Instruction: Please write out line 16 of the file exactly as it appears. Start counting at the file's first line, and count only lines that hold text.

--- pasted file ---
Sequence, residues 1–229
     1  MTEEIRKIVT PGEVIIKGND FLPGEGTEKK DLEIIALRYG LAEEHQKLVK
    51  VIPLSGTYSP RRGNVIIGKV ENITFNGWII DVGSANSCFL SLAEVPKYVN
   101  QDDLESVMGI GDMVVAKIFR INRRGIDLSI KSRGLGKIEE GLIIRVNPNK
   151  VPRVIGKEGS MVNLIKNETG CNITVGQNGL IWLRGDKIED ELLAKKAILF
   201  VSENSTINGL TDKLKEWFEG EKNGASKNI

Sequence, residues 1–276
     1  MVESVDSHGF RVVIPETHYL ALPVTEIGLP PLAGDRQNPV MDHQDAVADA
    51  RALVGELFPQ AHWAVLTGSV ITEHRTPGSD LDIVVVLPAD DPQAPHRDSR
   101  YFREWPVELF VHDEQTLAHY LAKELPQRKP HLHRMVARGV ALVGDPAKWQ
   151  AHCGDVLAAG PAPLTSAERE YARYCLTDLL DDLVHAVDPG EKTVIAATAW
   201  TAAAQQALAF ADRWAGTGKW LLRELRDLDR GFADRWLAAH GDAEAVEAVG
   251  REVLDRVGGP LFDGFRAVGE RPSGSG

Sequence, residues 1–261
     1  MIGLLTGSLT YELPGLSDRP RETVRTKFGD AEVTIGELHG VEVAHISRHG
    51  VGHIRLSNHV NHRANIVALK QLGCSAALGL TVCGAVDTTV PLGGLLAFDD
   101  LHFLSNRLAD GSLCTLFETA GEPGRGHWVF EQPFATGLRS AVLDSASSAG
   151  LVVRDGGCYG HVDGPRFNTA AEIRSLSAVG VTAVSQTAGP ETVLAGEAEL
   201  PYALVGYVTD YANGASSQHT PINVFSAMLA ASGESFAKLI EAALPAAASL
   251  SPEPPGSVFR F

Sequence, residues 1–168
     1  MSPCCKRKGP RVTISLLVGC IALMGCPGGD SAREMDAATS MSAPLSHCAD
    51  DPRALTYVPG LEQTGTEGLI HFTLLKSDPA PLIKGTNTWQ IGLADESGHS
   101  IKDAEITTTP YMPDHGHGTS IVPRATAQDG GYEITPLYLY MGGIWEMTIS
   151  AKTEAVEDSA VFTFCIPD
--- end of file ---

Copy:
    51  VGHIRLSNHV NHRANIVALK QLGCSAALGL TVCGAVDTTV PLGGLLAFDD